SecureDrop is an open-source whistleblower submission system managed by Freedom of the Press Foundation that media organizations use to securely accept documents from anonymous sources. It was originally coded by the late Aaron Swartz.
Any organization can install SecureDrop for free and can make modifications if they so choose. Check out our project page on GitHub for detailed installation instructions. Freedom of the Press Foundation also offers technical assistance to news organizations wishing to install SecureDrop and train its journalists in security best practices. Please fill out the form below to request our help.
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Frequently Asked Questions
What is SecureDrop?
SecureDrop is an open-source whistleblower submission system that media organizations can install to accept documents from anonymous sources. It was originally coded by the late Aaron Swartz, with assistance from Wired editor Kevin Poulsen and security expert James Dolan. The project was previously called DeadDrop. Freedom of the Press Foundation took over management of the project in October 2013.
How can media organizations install SecureDrop?
Any organization can install SecureDrop for free and also make modifications because the project is open-source. We have written detailed installation instructions, which can be read here.
Because the installation and operation is still complex, Freedom of the Press Foundation will also help organizations install SecureDrop and train its journalists in security best practices to ensure the best protection for sources. Please go here to apply for assistance and set up an appointment.
How does SecureDrop work?
The code underlying SecureDrop is a Python application that accepts messages and documents from the web and GPG-encrypts them for secure storage. Essentially, it's a more secure alternative to the "contact us" form found on a typical news site.
In operation, every source is given a unique "codename." The codename lets the source establish a relationship with the news organization without revealing his/her real identity or resorting to e-mail. They can enter the code name on a future visit to read any messages sent back from the journalist — "Thanks for the Roswell photos! Can you explain what the dark smudge on the left side is?" — or submit additional documents or messages under the same persistent, but pseudonymous, identifier. The source is known by a different code name on the journalist's side. All of the source's submissions are grouped together into a "collection."
Every time there's a new submission by that source, their collection is bumped to the top of the submission queue. SecureDrop was designed to use two physical servers: a public-facing server that stores messages and documents, and a second that does security monitoring of the first.
Does SecureDrop promise 100% security?
No, and any organization or product that promises 100% security is not telling the truth. SecureDrop attempts to create significantly more secure environment for sources to get information than exists through normal digital channels, but there are always risks.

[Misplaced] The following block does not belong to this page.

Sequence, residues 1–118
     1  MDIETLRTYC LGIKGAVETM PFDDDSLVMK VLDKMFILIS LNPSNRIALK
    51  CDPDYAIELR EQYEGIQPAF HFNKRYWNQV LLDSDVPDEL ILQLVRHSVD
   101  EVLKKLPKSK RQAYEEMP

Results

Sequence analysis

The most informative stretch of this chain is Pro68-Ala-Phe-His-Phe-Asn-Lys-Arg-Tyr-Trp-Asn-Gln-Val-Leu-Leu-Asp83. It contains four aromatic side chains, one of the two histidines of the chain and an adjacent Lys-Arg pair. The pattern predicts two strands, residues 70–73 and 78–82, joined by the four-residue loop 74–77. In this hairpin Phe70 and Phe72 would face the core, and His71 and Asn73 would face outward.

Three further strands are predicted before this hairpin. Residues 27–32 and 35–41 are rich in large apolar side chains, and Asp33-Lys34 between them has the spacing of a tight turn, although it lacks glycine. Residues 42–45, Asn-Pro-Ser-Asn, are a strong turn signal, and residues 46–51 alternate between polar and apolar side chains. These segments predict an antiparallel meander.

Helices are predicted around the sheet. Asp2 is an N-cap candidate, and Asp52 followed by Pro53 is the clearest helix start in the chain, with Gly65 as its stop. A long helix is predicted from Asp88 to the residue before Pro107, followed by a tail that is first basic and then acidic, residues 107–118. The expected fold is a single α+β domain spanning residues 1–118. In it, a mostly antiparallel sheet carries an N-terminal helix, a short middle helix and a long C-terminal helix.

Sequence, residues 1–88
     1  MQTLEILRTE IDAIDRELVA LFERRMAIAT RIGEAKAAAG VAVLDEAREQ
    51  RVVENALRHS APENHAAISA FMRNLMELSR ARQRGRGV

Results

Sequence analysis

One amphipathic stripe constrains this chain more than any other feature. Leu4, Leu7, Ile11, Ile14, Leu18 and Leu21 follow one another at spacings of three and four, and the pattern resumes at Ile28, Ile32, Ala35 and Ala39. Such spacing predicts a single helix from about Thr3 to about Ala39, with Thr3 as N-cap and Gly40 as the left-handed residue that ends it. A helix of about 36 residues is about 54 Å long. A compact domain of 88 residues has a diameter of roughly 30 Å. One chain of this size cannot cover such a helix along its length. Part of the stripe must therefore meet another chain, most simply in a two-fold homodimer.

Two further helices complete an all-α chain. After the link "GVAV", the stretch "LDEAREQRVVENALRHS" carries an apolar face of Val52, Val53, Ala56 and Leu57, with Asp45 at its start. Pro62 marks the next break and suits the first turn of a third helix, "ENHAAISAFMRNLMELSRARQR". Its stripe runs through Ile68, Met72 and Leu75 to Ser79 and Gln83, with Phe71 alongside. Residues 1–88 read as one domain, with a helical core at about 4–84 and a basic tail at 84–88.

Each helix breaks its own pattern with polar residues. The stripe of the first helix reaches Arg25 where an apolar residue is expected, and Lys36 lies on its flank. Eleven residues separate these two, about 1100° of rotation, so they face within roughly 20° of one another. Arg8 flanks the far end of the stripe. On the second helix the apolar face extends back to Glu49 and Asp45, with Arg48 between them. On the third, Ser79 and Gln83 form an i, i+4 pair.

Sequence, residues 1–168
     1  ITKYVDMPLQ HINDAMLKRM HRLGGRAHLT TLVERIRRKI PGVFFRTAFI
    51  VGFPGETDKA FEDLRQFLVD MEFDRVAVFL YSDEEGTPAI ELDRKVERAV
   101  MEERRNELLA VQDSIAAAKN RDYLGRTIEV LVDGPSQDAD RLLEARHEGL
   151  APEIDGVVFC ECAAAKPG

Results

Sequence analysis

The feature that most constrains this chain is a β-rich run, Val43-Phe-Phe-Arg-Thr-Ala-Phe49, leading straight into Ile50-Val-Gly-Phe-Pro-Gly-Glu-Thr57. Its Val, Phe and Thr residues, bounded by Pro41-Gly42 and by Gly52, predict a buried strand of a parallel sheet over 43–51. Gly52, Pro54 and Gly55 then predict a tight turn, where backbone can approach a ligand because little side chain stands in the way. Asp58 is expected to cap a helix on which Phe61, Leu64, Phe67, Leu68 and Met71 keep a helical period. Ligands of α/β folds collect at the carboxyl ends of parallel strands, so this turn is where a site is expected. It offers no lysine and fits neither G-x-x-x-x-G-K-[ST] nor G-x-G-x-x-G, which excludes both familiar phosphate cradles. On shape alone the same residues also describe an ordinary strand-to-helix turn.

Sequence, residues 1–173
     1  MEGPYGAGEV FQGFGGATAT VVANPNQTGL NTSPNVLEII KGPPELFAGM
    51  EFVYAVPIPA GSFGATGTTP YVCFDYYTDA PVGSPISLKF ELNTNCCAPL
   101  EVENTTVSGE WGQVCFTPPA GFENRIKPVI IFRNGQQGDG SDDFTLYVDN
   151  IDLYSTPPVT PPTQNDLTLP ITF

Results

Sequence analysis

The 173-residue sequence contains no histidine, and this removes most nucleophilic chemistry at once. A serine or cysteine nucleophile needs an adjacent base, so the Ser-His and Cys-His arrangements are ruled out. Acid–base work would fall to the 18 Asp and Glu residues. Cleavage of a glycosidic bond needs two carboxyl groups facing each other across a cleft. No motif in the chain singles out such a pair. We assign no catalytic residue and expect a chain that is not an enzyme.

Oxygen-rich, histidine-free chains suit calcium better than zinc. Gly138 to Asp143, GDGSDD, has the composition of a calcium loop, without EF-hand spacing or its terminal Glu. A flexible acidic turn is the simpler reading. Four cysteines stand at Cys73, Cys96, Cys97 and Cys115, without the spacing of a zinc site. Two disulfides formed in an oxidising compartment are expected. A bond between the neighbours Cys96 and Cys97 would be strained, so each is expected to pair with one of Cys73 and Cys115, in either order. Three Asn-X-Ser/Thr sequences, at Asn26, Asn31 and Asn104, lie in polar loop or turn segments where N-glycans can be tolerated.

A major security audit of SecureDrop (then called DeadDrop) was conducted in mid-2013 by security expert Bruce Schneier and a team of University of Washington researchers led by Alexei Czeckis, which you can read here. We have discussed in detail how we re-vamped SecureDrop in response to this audit, and some of the risks that still remain.
Who created SecureDrop?
The web application, which was originally called DeadDrop, was coded and architected by Aaron Swartz in 2012 before his tragic death. The hardening guide and other security material is the work of James Dolan. Investigative journalist Kevin Poulsen originally organized the project. The New Yorker launched the first implementation and branded their version StrongBox in May 2013.
In October 2013, Freedom of the Press Foundation took over managing the open-source project and re-named it SecureDrop. FPF also hired James Dolan to help media organizations with installations and security, and Garrett Robinson to lead development. Kevin Poulsen continues to be a journalistic consultant on the project.
Is SecureDrop open source?
Yes. In fact, SecureDrop is free software: you can redistribute it and/or modify it under the terms ofthe GNU Affero General public License as published by the Free Software Foundation, either version 3 of the License, or (at your option) any later version. This project, and all material accompanying it, is distributed in the hope that it will be useful, but WITHOUT ANY WARRANTY; without even the implied warranty of MERCHANTABILITY OR FITNESS FOR A PARTICULAR PURPOSE. For more details, see the GNU Affero General public License. In other words, please make it better and spread it far and wide.
How can I contribute to SecureDrop?
There are many ways you can contribute to SecureDrop. First, we need donations to keep the project alive. You can go here to help us pay for development, upkeep, and security so we can travel to news organizations and help them install it. You can also contribute to the development of SecureDrop by visiting our GitHub page. If you are a developer, you can also go here to sign up to our email discussion list where contributing developers can discuss and recommend security and usability features.